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Women Own Half the Farmland in America. They Don't Earn Half the Profits.

Here's we know about women in agriculture in 2019.
Native American farmer and retired teacher Jerri Parker, pictured with soil conservationist Mary Collier, operates a farm in Cromwell, Oklahoma.

Institutional barriers have kept women out of agribusiness for decades.

Women own half the farmland in the United States. Nearly 60 percent of farms in the country have at least one woman at the helm. And yet, according to Pacific Standard's analysis, farms run by men earned almost twice as much on average as those run by women in 2017, the latest year for which federal data is available. Despite record numbers of women in agriculture, the gender wage gap persists.

The reality is, of course, more complicated. For example, women tend to own smaller farms that typically make less money. Many female farmers and landowners are trying out new approaches to agriculture—making "value-added products" like jams and cheeses, renting to conservation-minded tenants—that aren't always valued in the U.S. food system. Still, things are improving: U.S. Department of Agriculture census data shows women's sales have increased across every class of farm over the last three decades.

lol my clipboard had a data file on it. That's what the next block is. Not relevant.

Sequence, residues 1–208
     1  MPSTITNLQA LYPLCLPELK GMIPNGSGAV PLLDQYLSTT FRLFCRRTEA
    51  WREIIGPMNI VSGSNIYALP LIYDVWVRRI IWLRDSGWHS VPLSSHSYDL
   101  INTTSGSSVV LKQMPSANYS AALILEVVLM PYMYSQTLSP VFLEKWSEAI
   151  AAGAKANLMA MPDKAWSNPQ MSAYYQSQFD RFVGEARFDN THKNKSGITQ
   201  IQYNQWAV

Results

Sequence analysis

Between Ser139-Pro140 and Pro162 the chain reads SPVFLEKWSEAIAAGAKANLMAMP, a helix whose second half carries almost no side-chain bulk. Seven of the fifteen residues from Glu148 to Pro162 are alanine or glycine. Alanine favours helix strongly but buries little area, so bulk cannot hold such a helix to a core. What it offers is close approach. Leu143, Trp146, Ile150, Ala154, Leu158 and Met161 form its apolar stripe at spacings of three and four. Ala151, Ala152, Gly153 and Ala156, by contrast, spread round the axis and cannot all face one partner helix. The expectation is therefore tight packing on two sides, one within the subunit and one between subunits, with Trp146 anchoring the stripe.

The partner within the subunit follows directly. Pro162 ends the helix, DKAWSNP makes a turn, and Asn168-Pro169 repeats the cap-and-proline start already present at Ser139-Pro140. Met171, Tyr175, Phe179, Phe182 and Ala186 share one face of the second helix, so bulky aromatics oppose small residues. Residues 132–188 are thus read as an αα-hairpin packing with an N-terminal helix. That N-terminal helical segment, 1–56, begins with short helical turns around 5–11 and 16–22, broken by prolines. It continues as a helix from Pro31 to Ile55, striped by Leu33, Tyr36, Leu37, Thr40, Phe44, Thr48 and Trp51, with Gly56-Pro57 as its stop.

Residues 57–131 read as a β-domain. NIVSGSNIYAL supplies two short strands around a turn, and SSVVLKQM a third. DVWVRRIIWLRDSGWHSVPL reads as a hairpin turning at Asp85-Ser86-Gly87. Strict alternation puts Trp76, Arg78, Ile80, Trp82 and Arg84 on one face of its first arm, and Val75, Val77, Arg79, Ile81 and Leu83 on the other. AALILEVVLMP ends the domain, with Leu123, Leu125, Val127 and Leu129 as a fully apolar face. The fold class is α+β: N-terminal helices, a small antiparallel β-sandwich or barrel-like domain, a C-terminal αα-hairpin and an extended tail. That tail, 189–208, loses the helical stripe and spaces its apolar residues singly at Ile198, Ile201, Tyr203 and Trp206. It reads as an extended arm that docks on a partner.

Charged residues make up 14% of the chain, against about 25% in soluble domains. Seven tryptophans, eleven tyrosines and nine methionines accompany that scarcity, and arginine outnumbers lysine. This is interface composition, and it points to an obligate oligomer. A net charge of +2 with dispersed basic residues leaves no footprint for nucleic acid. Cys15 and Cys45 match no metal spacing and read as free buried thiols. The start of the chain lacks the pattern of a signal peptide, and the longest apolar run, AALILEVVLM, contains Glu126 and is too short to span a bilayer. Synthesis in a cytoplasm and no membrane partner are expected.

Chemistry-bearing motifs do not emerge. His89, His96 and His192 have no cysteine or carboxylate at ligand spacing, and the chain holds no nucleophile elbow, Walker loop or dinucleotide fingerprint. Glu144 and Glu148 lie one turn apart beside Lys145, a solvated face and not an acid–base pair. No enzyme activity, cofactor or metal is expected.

Here's what we know about women in agriculture in 2019.

Small Farms, Smaller Profits

Decades of USDA data shows that women have lower farm sales and income than men. In 2012, women farmers made 24 percent of the national average in sales—selling about $45,000 of products compared to $187,000 for farms overall. In 2017, women made 57 percent of the national average in sales.

In the years since, women have become better represented in federal data. After the 2017 agriculture census counted multiple primary producers for the first time, the USDA recorded more women in agriculture than ever before, now making up 36 percent of farmers—a 27 percent increase from 2012.

But the gap persists. Some of this disparity can be attributed to farm size: In a highly consolidated industry—in which large corporate firms dominate more than half of the country's production—women tend to own smaller farms, thus yielding smaller profits. According to the USDA, almost a third of female-run farms make less than $1,000 a year, and the vast majority earn less than $10,000. Only 16 percent make $50,000 or more, as opposed to 27 percent for male-run farms.

Institutional Barriers to Agriculture

It's not just a size issue, however. For decades, institutional barriers have kept women out of agribusiness. In 2008, the USDA was ordered to pay out $1.33 billion to Latinx and female farmers who were denied loans because of their gender and race. This problem still plagues the department: On average, women received less money through federal farm programs, but slightly more than men in conservation and Commodity Credit Corporation loans in 2017.

Carol Chandler, who helps run her family's ranch in California's Central Valley and serves on the board of the industry group Western Growers, says she's used to being the only women in agriculture spaces. "A lot of women think it's a man's world," she says. "It doesn't have to be."